Springs are locations where up-welling groundwater discharges to the earth’s surface, the “Big Spring” (pictured below) on the shore of Lake Wingra in the University of Wisconsin-Madison Arboretum, is an example. The flow of fresh water from springs helps supply wetlands, streams, rivers, and lakes. Spring flow supplements rainfall and snowmelt that flows overland or that falls directly on the water body.
In the Lake Wingra watershed, the remaining springs are generally of the type that discharge from permeable sandstone near buried bedrock valleys, or what the Wisconsin Geological and Natural History Survey refers to as “seepage filtration morphology.” Springs may be further categorized by the way in which the water emerges on the land’s surface.
For example, the spring may emerge from a fracture in an exposed rock as it does at the Council Spring (pictured below), and the Arboretum’s Big Spring.
Or, the spring emerges into a stream or pool of water with a sandy bottom; Dancing Sands and White Clay Springs are good examples (both pictured below).
Technically, a hydrologist will define a spring as having a volume of 0.25 cubic feet per second (cfs) or about 110 gallons per minute. But, in everyday language people refer to any groundwater discharge as a “spring” if it has a defined stream channel; “seeps” have a more diffuse groundwater discharge that only make a puddle. In Wisconsin, there are 10,000 inventoried springs. But not all have legal protection; only those springs (about 300) that have a flow rate of 1 cfs have protection from destruction by Wisconsin law. See: Modify definition of springs law. The Arboretum “Big Spring” with an average flow of over 1cfs falls in the protected ranks.
Estimates are that there were once several dozen springs around Lake Wingra–today there are only about two dozen that flow regularly. Many were lost to the building of roads and houses; others have dried up or flow only intermittently, perhaps due to land use changes. The drying up of some springs is perhaps because today there is a smaller amount of precipitation–than historically–that actually infiltrates into the groundwater. This lost precipitation instead runs down driveways and streets into storm sewers. The graphic below shows the relative locations or known springs around Lake Wingra in 2005, credit to Friends of Lake Wingra (FLOW).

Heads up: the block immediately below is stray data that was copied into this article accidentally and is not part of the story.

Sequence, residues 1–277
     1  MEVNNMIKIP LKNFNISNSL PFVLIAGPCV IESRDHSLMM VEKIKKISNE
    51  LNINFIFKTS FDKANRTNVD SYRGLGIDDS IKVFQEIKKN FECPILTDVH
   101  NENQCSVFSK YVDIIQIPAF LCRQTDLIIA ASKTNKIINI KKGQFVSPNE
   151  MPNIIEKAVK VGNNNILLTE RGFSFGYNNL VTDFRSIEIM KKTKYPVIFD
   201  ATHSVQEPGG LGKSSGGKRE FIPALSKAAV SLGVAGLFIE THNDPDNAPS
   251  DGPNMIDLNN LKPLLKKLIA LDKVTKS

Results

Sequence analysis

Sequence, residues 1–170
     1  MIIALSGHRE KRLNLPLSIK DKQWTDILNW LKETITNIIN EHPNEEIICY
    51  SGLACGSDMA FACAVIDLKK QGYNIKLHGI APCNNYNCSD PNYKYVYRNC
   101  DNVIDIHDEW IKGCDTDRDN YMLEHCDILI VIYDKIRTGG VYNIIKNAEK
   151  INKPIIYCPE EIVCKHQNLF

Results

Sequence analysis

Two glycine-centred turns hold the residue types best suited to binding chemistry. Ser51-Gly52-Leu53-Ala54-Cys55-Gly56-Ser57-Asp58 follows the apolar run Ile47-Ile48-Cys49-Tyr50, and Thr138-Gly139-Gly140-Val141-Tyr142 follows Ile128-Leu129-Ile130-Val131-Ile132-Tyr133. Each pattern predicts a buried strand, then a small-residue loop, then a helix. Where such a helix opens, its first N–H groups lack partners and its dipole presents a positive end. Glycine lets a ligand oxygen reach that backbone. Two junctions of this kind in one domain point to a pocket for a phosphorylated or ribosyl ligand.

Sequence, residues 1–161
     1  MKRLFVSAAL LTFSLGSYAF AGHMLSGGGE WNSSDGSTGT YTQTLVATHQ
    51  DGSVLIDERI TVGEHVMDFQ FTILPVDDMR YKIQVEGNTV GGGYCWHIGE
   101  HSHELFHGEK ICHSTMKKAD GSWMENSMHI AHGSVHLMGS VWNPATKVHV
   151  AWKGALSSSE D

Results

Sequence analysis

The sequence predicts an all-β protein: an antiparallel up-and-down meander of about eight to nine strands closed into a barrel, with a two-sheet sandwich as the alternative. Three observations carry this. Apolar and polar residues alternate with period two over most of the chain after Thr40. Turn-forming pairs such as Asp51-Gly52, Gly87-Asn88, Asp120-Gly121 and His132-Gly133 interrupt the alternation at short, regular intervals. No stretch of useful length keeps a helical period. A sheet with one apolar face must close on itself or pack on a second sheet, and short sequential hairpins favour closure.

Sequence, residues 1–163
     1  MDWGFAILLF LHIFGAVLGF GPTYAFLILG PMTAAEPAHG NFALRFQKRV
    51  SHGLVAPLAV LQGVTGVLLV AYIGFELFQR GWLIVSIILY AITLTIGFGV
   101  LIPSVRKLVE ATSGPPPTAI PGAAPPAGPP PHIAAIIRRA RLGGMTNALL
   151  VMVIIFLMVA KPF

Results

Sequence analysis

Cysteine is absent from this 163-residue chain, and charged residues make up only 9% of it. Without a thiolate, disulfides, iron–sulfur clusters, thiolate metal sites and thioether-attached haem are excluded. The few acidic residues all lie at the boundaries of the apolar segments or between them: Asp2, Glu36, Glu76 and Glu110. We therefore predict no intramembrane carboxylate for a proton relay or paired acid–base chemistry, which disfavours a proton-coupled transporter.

Despite the importance of groundwater flow to the Lake Wingra water budget, little is known about the number of springs still flowing, their individual flow rates nor the number that have been lost over the years. Research to measure the amount of water flowing from some springs was conducted by Bemis, et.al 2005 and Ballering and Bahr, 2004. I measure spring flow rates of 6 springs. Springs monitored are: Council Spring and Dancing Sands on Monroe St at Arbor Drive; a spring on the Nakoma Golf Club; and West Spring, Big Spring, and White Clay springs, all in Wingra Woods in the Arboretum. In the future I will share spring flow rates and other information about springs.
For more general information about the springs, check out the Wisconsin Geological and Natural History Survey and its “Springs In Wisconsin” project; and especially the page: Springs In Wisconsin History and the section on Lake Wingra Springs, describing: “The spiritual significance of springs to the region’s mound-builders, ancestors to the modern Ho-Chunk, inspired much ceremonial activity here. Archaeologists correlate the concentration of mound groupings with the concentration of springs that feed Lake Wingra.” Listen to springs podcasts featuring local naturalists at Unseen Madison.
Ballering, N. and J. Bahr. 2004. Spring flow and water quality in the Lake Wingra Watershed. Undergraduate Research Scholars Program, Department of Geology and Geophysics, University of Wisconsin-Madison.
Bemis, B., D. Gildner, E. Murdock, L. Severson and C. Storrar. 2005. Springflow Gauging for Long-term Monitoring of Groundwater Flow Into Lake Wingra. Hydrolic Measurements (CEE 619) May 12, 2005.
Brown, C.E. 1927. The Springs of Lake Wingra, Wisconsin Magazine of History, 10, 298-301.
Noland, Wayland E. 1951. The Hydrography, Fish, and Turtle Population of Lake Wingra, Wisconsin Academy of Science, Arts, and Letters, Madison, WI.
Wisconsin Geological and Natural History Survey, https://wgnhs.wisc.edu/water-environment/springs/